Bob Woodward isn’t a liar. He’s a hero.
Patrick McKelvey | Tuesday, September 18, 2018
On Sept. 11, Bob Woodward released his 12th book, “Fear: Trump in the White House.” The nonfiction work chronicles President Trump’s time in office, telling stories of his conduct and incompetence through the eyes of office aides. It sold more than 750,000 copies in its first day on shelves.
Unsurprisingly, the President has denounced Woodward and the book, saying “It’s just another bad book. He’s had a lot of credibility problems.” On Sept. 10, he tweeted “Bob Woodward is a liar who is like a Dem operative prior to the Midterms.”
Attacks on the media have been all too commonplace in the nearly two years President Trump has held office. He’s long believed his administration is treated unfairly, that the media ignores his successes and overplays his failures. We’ve all heard the cries of “fake news,” or that the press is the “enemy of the American people.” Just this weekend, the President falsely stated that Hurricane Maria’s 3,000-person death toll is heavily inflated, just an attempt to make him look bad. It isn’t, obviously — the number is supported by several studies, including a government-commissioned report by the George Washington University Milken Institute School of Public Health. This behavior is all dangerous, it is all unbecoming of the President of the United States. But calling Bob Woodward a liar may be the president’s greatest fiction of all time.
In June of 1972, five men were arrested at 2:30 a.m. inside the offices of the Democratic National Committee at the Watergate Hotel in Washington. It appeared to be little more than a case of burglary at first glance, when reporters Bob Woodward and Carl Bernstein were assigned to investigate. But they didn’t leave it at a first glance. With dedication and ingenuity, the two delved further into that night, and realized something no one else had. It wasn’t a burglary. It was a bugging. It was an attempt by the Nixon administration to plant surveillance devices in the DNC offices ahead of the 1972 election.
Woodward and Bernstein continued their investigation into the Nixon administration and its illicit tactics to re-elect the president. Their reports uncovered perhaps the greatest scandal in American history (so far). The president had attempted to cover up the break-in, and used his authority to influence federal officers to try and stop the investigation. Forty White House officials were indicted. Eventually, the House of Representatives introduced articles of impeachment against President Nixon. He resigned on Aug. 9, 1974 — the first sitting president to do so. All thanks to a couple of young, inexperienced reporters.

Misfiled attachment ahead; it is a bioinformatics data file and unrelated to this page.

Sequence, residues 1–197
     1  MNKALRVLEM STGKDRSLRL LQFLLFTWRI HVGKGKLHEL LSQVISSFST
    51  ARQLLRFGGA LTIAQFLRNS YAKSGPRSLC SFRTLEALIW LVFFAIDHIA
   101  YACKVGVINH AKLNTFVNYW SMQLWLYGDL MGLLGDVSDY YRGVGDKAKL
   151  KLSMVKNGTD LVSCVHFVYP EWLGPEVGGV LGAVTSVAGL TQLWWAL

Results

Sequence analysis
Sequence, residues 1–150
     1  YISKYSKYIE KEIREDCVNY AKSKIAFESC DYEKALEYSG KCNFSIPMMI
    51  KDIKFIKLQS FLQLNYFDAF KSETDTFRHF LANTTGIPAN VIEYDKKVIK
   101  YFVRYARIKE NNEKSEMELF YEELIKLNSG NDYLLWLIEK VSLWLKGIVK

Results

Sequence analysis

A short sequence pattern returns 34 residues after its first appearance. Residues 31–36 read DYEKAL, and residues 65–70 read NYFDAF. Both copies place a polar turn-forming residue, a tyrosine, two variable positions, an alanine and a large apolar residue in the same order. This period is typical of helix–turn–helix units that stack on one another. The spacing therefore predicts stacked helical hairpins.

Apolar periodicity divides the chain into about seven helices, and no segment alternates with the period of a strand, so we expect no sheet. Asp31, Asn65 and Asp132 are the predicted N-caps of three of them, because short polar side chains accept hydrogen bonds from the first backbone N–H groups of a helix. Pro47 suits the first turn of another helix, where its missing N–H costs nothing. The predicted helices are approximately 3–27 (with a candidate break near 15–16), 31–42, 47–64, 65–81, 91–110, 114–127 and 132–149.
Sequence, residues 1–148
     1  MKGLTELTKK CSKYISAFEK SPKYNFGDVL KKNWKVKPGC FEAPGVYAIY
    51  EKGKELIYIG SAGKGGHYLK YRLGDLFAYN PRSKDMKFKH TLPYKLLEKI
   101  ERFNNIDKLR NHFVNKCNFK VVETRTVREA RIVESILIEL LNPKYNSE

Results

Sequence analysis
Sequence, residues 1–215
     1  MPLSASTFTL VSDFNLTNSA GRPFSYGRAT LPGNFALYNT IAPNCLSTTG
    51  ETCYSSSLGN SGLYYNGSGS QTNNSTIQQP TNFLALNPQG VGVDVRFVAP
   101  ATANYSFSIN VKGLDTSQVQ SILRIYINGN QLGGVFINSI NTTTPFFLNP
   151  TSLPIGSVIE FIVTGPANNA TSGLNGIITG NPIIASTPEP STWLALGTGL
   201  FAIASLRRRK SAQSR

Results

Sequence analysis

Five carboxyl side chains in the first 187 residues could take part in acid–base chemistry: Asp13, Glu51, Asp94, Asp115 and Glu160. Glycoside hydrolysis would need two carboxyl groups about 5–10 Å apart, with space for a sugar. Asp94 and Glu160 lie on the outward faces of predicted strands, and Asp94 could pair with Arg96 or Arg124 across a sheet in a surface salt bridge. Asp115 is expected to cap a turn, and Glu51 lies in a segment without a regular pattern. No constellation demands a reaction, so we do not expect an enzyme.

Bob Woodward is not a liar. He has no “credibility problems.” In fact, he may be the greatest investigative reporter of all time. He’s certainly an American hero. He has lived a life in total and full dedication to the truth, to uncovering the secrets of United States politics that the public deserves to know. Together, he and Carl Bernstein took down the most powerful man in the world. They revealed the failings of our democratic system, they forged an American public that was necessarily less trusting of its elected officials. We all would have lost something if it wasn’t for them.
The president’s attempted takedown of Woodward does nothing to harm the journalist’s reputation. All it does is magnify his trepidation about his own current criminal investigation. President Trump doesn’t care if “Fear” is accurate or not. He’s just afraid himself. And if Woodward is on the case, he probably should be.
Patrick McKelvey splits his time between being a college junior and a grumpy old man. A New Jersey native and American studies major, he plans on pursuing a legal career after graduating Notre Dame. If you can’t find him at the movies, he can be reached for comment at [email protected]
The views expressed in this column are those of the author and not necessarily those of The Observer.